You have seen the American Pavilion many times …

Yes. Somebody asked me yesterday if I ever imagined being in there. They have this idea that American artists imagine being in the pavilion. I don’t think anybody imagines: What if they asked me. You have to put a lot of effort in an idea so I didn’t do that until I was invited.

How do you feel about the American pavillion: Do you think you represent the United States of America?

I really don’t think that way. No. I think I represent my friends and colleagues and a community of a lot of people I don’t personally know, but that are supportive. This is a particular segment of the United States.

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installation view of joan jonas’s ‘they come to us without a word (mirrors)’, 2014-2015 the US pavilion at the 56th international art exhibition – la biennale di venezia commissioned by the MIT list visual arts center, photo by moira ricci

I was wondering if women artist of your generation have to achieve a certain age to get invited. What do you think?

More women are asked now for sure. Well, there are more visible women artists now, then there used to be. Comparitively speaking, there were very few female artists represented in major shows in the sixties and seventies.

But it is a very good timing to do it now. I would not have been able to cope with it in the same way before.

Can you tell us something about your upcoming performance in Venice?

I have to think what actually is going into the performance.

The only thing that I know about my performance now, is that I will continue – What I always do with my performances that come out of the work: I take the backdrops that were used in the studio with the children, and I re-edit them and I think about how I can use them in the performance, but I also work with new projections. I have a projection screen in the studio I am working in.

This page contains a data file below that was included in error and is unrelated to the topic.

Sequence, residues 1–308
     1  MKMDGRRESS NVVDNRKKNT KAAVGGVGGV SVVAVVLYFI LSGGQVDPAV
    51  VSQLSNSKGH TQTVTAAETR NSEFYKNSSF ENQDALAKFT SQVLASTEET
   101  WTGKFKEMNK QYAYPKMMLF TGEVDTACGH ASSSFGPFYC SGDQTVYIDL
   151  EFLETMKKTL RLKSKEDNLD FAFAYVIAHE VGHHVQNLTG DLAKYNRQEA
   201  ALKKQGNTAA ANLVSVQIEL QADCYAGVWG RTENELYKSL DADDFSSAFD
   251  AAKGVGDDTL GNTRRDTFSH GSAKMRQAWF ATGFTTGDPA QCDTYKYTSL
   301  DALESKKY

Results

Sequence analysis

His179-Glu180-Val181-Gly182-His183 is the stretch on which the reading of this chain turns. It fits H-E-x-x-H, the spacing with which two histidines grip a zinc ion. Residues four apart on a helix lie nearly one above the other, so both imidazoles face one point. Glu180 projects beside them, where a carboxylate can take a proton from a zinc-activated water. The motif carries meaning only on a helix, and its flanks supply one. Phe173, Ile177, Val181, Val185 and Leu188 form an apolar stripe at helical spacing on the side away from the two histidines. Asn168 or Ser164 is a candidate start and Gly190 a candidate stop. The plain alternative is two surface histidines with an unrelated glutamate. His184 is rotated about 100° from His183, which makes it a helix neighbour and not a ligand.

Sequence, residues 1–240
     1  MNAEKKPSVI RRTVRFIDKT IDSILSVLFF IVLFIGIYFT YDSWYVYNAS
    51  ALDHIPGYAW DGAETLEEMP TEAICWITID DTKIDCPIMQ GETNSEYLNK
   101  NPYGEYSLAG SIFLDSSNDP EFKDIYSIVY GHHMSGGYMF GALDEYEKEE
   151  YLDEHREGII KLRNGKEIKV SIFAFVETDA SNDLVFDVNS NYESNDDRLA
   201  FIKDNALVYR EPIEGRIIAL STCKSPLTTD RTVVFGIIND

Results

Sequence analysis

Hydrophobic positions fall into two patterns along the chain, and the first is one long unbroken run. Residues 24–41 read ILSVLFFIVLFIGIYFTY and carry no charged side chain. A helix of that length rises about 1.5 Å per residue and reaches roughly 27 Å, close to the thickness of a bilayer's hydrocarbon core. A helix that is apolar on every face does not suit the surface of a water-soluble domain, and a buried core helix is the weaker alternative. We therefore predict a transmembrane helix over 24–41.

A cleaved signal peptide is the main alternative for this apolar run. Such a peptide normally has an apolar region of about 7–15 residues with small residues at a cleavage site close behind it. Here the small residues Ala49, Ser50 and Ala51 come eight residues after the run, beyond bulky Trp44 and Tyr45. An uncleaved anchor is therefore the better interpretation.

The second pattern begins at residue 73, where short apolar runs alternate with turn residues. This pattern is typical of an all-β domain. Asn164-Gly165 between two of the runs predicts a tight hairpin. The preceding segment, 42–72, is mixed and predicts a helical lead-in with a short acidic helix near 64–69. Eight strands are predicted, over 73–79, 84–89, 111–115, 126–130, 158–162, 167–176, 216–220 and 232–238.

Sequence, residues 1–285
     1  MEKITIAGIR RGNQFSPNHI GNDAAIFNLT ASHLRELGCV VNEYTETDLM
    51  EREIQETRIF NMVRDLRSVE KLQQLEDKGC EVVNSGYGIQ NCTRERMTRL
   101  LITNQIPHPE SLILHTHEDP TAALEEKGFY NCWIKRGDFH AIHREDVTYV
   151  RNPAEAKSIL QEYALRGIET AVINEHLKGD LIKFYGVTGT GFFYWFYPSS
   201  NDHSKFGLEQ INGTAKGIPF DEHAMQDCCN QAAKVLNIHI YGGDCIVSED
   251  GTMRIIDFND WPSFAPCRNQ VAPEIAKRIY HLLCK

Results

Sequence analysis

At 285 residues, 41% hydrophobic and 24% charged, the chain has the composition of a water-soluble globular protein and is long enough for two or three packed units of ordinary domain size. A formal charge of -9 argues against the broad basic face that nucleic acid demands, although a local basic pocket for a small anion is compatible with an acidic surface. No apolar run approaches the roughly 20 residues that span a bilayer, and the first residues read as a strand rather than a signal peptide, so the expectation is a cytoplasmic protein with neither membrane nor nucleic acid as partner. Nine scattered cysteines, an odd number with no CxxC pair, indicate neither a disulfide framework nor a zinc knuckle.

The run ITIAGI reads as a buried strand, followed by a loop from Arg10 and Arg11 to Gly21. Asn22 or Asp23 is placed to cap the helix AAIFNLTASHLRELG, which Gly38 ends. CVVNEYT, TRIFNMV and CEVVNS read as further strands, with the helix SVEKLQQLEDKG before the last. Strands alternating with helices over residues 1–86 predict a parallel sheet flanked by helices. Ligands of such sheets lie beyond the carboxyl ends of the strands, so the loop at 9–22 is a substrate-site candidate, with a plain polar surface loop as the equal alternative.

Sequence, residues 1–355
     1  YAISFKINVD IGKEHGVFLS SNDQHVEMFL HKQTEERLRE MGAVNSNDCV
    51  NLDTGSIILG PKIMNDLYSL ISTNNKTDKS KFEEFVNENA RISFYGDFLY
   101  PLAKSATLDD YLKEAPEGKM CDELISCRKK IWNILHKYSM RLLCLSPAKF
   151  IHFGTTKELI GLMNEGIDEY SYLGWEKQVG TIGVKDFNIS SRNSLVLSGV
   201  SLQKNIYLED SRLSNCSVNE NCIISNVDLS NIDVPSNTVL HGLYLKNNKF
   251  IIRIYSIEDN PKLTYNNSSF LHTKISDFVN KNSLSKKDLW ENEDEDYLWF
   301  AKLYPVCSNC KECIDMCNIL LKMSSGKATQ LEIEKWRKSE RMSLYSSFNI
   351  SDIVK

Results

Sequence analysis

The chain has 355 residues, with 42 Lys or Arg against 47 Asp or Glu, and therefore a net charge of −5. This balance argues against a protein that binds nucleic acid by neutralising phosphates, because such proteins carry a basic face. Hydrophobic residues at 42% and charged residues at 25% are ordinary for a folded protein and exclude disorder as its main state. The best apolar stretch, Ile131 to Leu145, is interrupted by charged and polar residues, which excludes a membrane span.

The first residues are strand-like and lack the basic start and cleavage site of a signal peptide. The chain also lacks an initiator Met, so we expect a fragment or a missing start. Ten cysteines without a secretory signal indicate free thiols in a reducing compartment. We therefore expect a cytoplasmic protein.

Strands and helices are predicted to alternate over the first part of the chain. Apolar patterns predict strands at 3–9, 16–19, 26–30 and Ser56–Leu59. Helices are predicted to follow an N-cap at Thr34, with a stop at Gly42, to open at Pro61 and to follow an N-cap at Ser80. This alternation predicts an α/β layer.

I try to work with new images. I will put in things that I could not include in the pavilion. The timing changes. It is a different concept. It might be more than an hour longe. Thinking about the American pavilion, you really can’t have time based works longer than a certain length, because of the traffic going through in this kind of situation.

So I really thought from the beginning that the video should be quite short – and that’s why they are about four minutes long. So I’ll extend those moments and work with the material in a different way.

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Joan Jonas und Ozu (Foto: Albrecht Fuchs)

Will Ozu be part of the performance?

Well, he might be, I don’t know. He will be here. I will bring him back. You know he has gotten quite good at being in crowds, it’s interesting. First of all, Venice is great for dogs, and then we have been in all these crowds. And he is getting used to it, so he might be okay on a stage.

I never had my dogs in live performances, you know, but I think this is the time.

Thank you, Joan!

Dieses Gespräch erscheint im Rahmen von Die beste aller Welten – Eine ex- und diskursive Ausstellungs- und Veranstaltungsreihe zu Kunst und Gesellschaft.